Impact of parallel computing on study of time evolution of a quantum impurity system in response to a quench

Abstract: In an arbitrary system subjected to a quench or an external field that varies the system parameters, the degrees of freedom increases double in comparison to that of an isolated system. In this study, we consider the quantum impurity system subjected to a quench, and measure the corresponding time-evolution of the spectral function, which is originated from the time-resolved photoemission spectroscopy. Due to the large number of degrees of freedom, the expression of the time-dependent spectral function is twice much more complicated than that of the time-independent spectral function, and therefore the calculation is extremely time consuming. In this paper, we estimate the scale of time consumption of such calculation in comparison to that of time-independent calculation, and present our solution to the problem by using parallel computing as implementing both MPI and OpenMP to the calculation. We also discuss the possibility to exploit parallel computing with GPU in the near future, and the preliminary results of time-dependent spectral function.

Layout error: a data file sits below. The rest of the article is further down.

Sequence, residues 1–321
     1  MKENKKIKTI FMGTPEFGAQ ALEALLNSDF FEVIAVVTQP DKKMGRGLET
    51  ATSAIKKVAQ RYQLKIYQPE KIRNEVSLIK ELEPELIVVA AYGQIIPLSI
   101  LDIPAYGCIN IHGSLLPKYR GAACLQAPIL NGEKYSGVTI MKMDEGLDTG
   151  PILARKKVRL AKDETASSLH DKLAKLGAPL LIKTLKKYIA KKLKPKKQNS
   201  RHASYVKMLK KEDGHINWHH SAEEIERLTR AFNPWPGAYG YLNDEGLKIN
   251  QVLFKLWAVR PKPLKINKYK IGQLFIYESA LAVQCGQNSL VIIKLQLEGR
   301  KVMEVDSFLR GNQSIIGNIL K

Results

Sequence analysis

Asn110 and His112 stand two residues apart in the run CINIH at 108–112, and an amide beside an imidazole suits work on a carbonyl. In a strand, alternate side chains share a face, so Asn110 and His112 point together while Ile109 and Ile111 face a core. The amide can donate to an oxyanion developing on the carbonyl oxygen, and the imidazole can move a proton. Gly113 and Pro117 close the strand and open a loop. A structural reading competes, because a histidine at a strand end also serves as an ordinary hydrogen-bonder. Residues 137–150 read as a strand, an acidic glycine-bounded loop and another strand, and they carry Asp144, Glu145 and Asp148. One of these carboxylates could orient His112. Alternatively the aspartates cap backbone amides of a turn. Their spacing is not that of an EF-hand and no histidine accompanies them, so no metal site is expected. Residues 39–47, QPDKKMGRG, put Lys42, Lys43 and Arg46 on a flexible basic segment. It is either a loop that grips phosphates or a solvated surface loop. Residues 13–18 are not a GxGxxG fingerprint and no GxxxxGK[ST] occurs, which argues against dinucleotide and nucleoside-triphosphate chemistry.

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VNU Journal of Science: Mathematics – Physics, Vol. 36, No. 1 (2020) 38-45 38 Original Article  Impact of Parallel Computing on Study of Time Evolution of a Quantum Impurity System in Response to a Quench Nghiem Thi Minh Hoa1,2,*, Dang The Hung1,3, Luong Minh Tuan4, Duong Xuan Nui5, Nguyen Duc Trung Kien6 1PHENIKAA Institute for Advanced Study, PHENIKAA University, Ha Dong, Hanoi, Vietnam 2Faculty of Basic Science, PHENIKAA University, Ha Dong, Hanoi, Vietnam 3Faculty of Materials Science and Engineering, PHENIKAA University, Ha Dong, Hanoi, Vietnam 4National University of Civil Engineering, Dong Tam, Hai Ba Trung, Hanoi, Vietnam 5Vietnam National University of Forestry, Xuan Mai, Chuong My, Hanoi, Vietnam 6Advanced Institute for Science and Technology, HUST, Bach Khoa, Hai Ba Trung, Hanoi, Vietnam Received 11 January 2020 Revised 19 February 2020; Accepted 25 February 2020 Abstract: In an arbitrary system subjected to a quench or an external field that varies the system parameters, the degrees of freedom increases double in comparison to that of an isolated system. In this study, we consider the quantum impurity system subjected to a quench, and measure the corresponding time-evolution of the spectral function, which is originated from the time-resolved photoemission spectroscopy. Due to the large number of degrees of freedom, the expression of the time-dependent spectral function is twice much more complicated than that of the time-independent spectral function, and therefore the calculation is extremely time consuming. In this paper, we estimate the scale of time consumption of such calculation in comparison to that of time-independent calculation, and present our solution to the problem by using parallel computing as implementing both MPI and OpenMP to the calculation. We also discuss the possibility to exploit parallel computing with GPU in the near future, and the preliminary results of time-dependent spectral function. Keywords: Quantum impurity system, time-dependent spectral function, degrees of freedom, parallel computing, OpenMP, GPU. 1. Introduction Numerical methods have a great impact on studies of strongly correlated condensed matter systems, where the strong Coulomb interaction between electrons cannot be treated by perturbation ________ Corresponding author. Email address: hoa.nghiemthiminh@phenikaa-uni.edu.vn https//doi.org/ 10.25073/2588-1124/vnumap.4453 N.T.M. Hoa et al. / VNU Journal of Science: Mathematics – Physics, Vol. 36, No. 1 (2020) 38-45 39 method. For example, the well-known Kondo effect was shown in the 60s that the first order perturbation gives the wrong ground state [1], while the calculation up to the second order gives the unphysical diverse resistance at low temperature [2], i.e. Kondo problem. And this problem was not solved fully until the study with the numerical renormalization group (NRG) method [3]. Studies of strongly correlated systems now grow diversely into many topics: finding an exotic Kondo effect in certain actinide/lanthanide ions in metal [4], keeping a topological phase by using the spin-orbit coupling [5], and tracking the time revolution of systems as well as finding the nonequilibrium steady- state when systems are subjected to external field [6]. In the studies, a large number of degrees of freedom are involved, serial numerical calculating may take an infeasible long computing-time. Parallel computing is the answer this problem, where a big calculation is divided into many smaller jobs and calculating these jobs is done in parallel. The application programming interfaces created for parallel computers are classified by the assumption they make about the underlying memory architecture: shared memory and distributed memory. While Open Multi-Processing (OpenMP) is the most used in the class of shared-memory, Message Processing Interface (MPI) is the most used in the class of distributed memory. In this paper, we present a case study showing the impact parallel computing by solving the numerical problem in the time evolution of a strongly correlated impurity system as being subjected to a quench. The outline of the paper is as follows. In Sec. II., we describe the model and the time- dependent NRG formalism to study the time evolution of quantum impurity system following a quench. In Sec. III., we present the numerical problem in calculating the time-dependent spectral function of the impurity system, and the solution by using parallel computing with OpenMP and MPI. In Sec. IV., the success of using parallel computing is shown via the trend of decreasing time- consumption as the number of threads increase in two different Central Processing Units (CPUs), and the comparison between the speedup of real calculations and the prediction by Amdahl's law. From these results, we discuss of the possible use of GPU to accelerate calculations. The time-evolution of the impurity system is represented via the time-dependent spectral function in Sec. V.. The conclusion and outlook are presented in Sec. VI. 2. Model and formalism 2.1. Model To describe the quantum impurity system subjected to a quench, we consider the following time- dependent Hamiltonian  H(t)  d (t)nd   U(t)ndnd  kck  k  ck  V (ck k  d  dck ) (1) where the quench at time t=0 is represented via the change of the local energy level  d (t)  (t)i (t) f and the Coulomb interaction  U(t)  (t)Ui (t)U f .  nd  d d is the number operator for local electron with spin , and  k is the kinetic energy of the conduction electrons with constant density of states  ()  (  k) 1/2D with D=1 the half-bandwidth. The time evolution of the system can be well represented via the time-dependent spectral function, since it exhibits the probability of finding an electron at as a specified energy and time. However, the   N.T.M. Hoa et al. / VNU Journal of Science: Mathematics – Physics, Vol. 36, No. 1 (2020) 38-45 40 time-dependent spectral function involves more degrees of freedom than its time-independent counterpart, one cannot define it easily via Lehmann representation. Therefore, one should define the time-dependent spectral function based on experimental observations. In this paper, we consider the spectral function originated on the time-resolved spectroscopy with the pump-probe technique [7, 8], in which the photoemission-current intensity takes the form  I(E,tdelay)  ddtN(E  )e  t 2 t2e 2t 2 (2) where the probe-pulse shape is taken to be Gaussian, the pulse width is  t ,  tdelay is the time delay between pump and probe pulses, and the time-dependent spectral function of interest is derived from the lesser Green's function that  N(,t)  dG(t   2 ,t   2 ) e i (3) with  G(t1,t2)  i d (t1),d(t2) ,  t1  t   2 and  t2  t   2 . In this study, we will calculate the time- dependent spectral function, which measures the time-evolution of the occupied density of states. 2.2. Formalism Using the time-dependent numerical renormalization group (TDNRG) method [9], we have the expression of  N(,t) as follows  N(, t  0)  1 2i  Crs mBsq m e i(Eq m Er m )t  e 2i( Es m Eq m )t e2t   E s m  Eq m  E r m 2  i rs i f (m) rsq  mm0 N   Crs mBsq m e  i(Eq m Er m )t  e2i( Es m Er m )te2t   E s m  Eq m  E r m 2  i rs i f (m) rsq  mm0 N   Crs me2i( Er m Es m )te2t Sss1 m Bs1q m ˜ R qr1 m Sr1r m q    E r m  E s m  E r1 m  E s1 m 2  i rsr1s1  mm0 N   Brs me2i( Er m Es m )te2t Sss1 m ˜ R s1q m Cqr1 m Sr1r m q    E r m  E s m  E r1 m  E s1 m 2  i rsr1s1  mm0 N                                        (4) where  C  d,B  d, the matrix elements  Crs m,Brs m,Er m,Ssq m , ˜ R rs m, and rs i f (m) are known from the NRG calculations, and   is a positive infinitesimal. For the detail derivation of the expression, we refer readers to our papers [10, 11]. N.T.M. Hoa et al. / VNU Journal of Science: Mathematics – Physics, Vol. 36, No. 1 (2020) 38-45 41 3. Parallel computing In the last section, we show the time-dependent spectral function originated from the time-resolved photoemission spectroscopy. The calculation for this time-dependent observable is challenging. In the last two terms, since all the four indices  r,s,r1, and s1 appear in the denominator, one cannot rewrite the summation over four indices as matrix multiplications for efficient evaluation with BLAS routine. Therefore, one should run all the four loops all together to calculate this expression. In a specified calculation, the time consumption to calculate the first two terms with three loops in Eq. (4) is 100~200 times faster than that to calculate the last two terms with four loops. While, the trivial time-independent spectral function only involves two loops since the summation over three indices there can normally be recast as matrix multiplications [12, 13], and such calculations only take the time scale of minutes depending on computing systems. With that reference to the time- independent spectral function, calculating the time-dependent spectral function presented in Sec. II., is extremely heavy, and the serial computing is not sufficient. Parallel computing is the answer the above problem. Two classes of parallel computing are considered in our study: shared memory with Open Multi-Processing (OpenMP) and distributed memory with Message Processing Interface (MPI). In a parallel computing with MPI, every parallel processes works in its own memory space, which is independent from the others. Passing messages between processed is required to transfer data. While, in a parallel computing with OpenMP, parallel computing occurs on every threads, which are able to access to the shared memory. Therefore, different from MPI, OpenMP does not require the overhead of message passing. In our study, we use the hybrid parallel computing with both shared and distributed memory. The parallel computing with distributed memory is for the two NRG calculations for the matrix elements  Crs m,Brs m,Er m, and ˜ R rs m, of two independent Hamiltonian  H i and H f , which are stored separately in two different processes. Message passing is done to transfer the matrix elements between processes in order to calculate  rs i f (m) and Ssq m , which they represent the projection of initial states and density matrices of  H i into the final states of  H f . The parallel computing with shared memory is for the summation with four loops in which the large sum is divided into many smaller jobs. The small jobs are processed in the individual threads independently while the memory is shared among the threads. 4. Speedup 4.1. Time consumption vs. number of threads As presented in the last section, the use of OpenMP is applied to the summation over four indices in Eq. (4). In this section, we show the efficiency of parallel computing via the trend of time- consumption decreasing with an increasing number of threads. The calculations were done on two different computing systems. In the first system, one node is with two Intel Xeon E5-2680 v3 Haswell CPUs. In each node, there are 24 physical cores, and 48 logical threads thanks to the hyper-threading with folding of two. In the second system, one node is with one Intel Xeon Phi 7250-F Knights Landing CPU. The number of physical cores in each node is 68, and, with the hyper-threading with folding of four, therefore the number of logical threads is 272. The CPU clock is 2.5GHz in the first system, and 1.4GHz in the second system. N.T.M. Hoa et al. / VNU Journal of Science: Mathematics – Physics, Vol. 36, No. 1 (2020) 38-45 42 Figure 1. Time consumption of calculation vs. the number of threads in two different types of CPUs. Figure 1. shows the time-consumptions of the same calculations with one node in each system and with the different number of threads. The decrease of time-consumption with the increasing number of threads is smooth up to the number of physical cores, while running on the further logical threads show a slower decrease of time consumption. The trend is similar in both calculations on the two systems. Besides, even though there are more threads in the KNL CPU than in the Haswell CPU, the CPU clock of KNL is slower than that of Haswell. Therefore, the total time-consumptions of calculations in one single node of each system with the maximum number of threads are similar. 4.2. Amdahl’s law In parallel computing, Amdahl’s law predicts the speedup in latency of the execution of a task at fixed workload as follows [14]  Slatency  1 (1 p)  p s (5) In words, it depends on the proportion of execution time that the part benefiting from parallel computing originally occupies, p, and the speedup of that part. If we assume the speedup ideally equals to the number of physical threads, we can predict, with a known value of p, the ideal speedup of a calculation. Figure 2. shows the prediction of speedup by Amdahl's law and the speedup of real calculations with p=99.3%, which means for every 1000 minutes to calculate the whole workload there are 993 minutes to calculate serially the part benefiting from parallel computing. We can see up to the number of physical core, the speedup of real calculation matches perfectly to the prediction by Amdahl's law. The speedup of real calculations as increasing further the number of threads deviates from the ideal speedup. It is due to the fact of using the logical threads; the speedup does not increase linearly with the number of threads. However, the parallel computing with OpenMP can only use up to the maximum number of threads in a single node, which is limited, 48 in Haswell CPU and 272 in KNL CPU. While, from the prediction of Amdahl's law, the calculation with large number of proportion benefiting from parallel computing can be even speedup further if the number of threads are more than 1000. Therefore, using the Graphic Processing Unit (GPU) with a large number of cores up to thousands can be the future to our calculation. N.T.M. Hoa et al. / VNU Journal of Science: Mathematics – Physics, Vol. 36, No. 1 (2020) 38-45 43 Figure 2. Speedup predicted by Amdahl's law and speedup of real calculations on Haswell CPUs. 5. Preliminary result of time-dependent spectral function Figure 3. shows our preliminary results of time-dependent spectral function defined in Sec. II. From t=0, the quench starts to move the local energy level at the low energy to the higher energy and the Coulomb repulsion is switched to be smaller, therefore the side peak of the spectral function evolves with time gradually accordingly, and the peak at Fermi level is gradually broaden. Since this observable originates from the time-resolved photoemission spectroscopy, the spectral function here shows the time-dependent occupied density of states. While the inverse photoemission (IPES) gives the unoccupied density of states. Therefore, one may naturally expect the time-resolved IPES can give the time-dependent unoccupied density of states. This interesting observation will be studied in the near future. Figure 3. Normalized spectral function at different time. N.T.M. Hoa et al. / VNU Journal of Science: Mathematics – Physics, Vol. 36, No. 1 (2020) 38-45 44 6. Conclusions In this paper, we show the computing problem in calculating the time-dependent spectral function originated from the time-revolved photoemission spectroscopy. The problem is due to the sums over four different indices. We solve the problem by mainly using parallel computing with distributed memory, in particular OpenMP. The speedup is shown to be nearly equal to the number of physical threads, while the logical threads gives the slower speedup. We also present the prospective calculation with the use of GPU to speedup further. We note that MPI of the latter versions can also work with shared memory, however, in this paper, we only use MPI for parallel computing with distributed memory. The preliminary results of time-dependent spectral function are shown to give the time-dependent occupied density of states which can be validated by the time-resolved photomemission. We also propose the possible observation of time-dependent unoccupied densiy of states. 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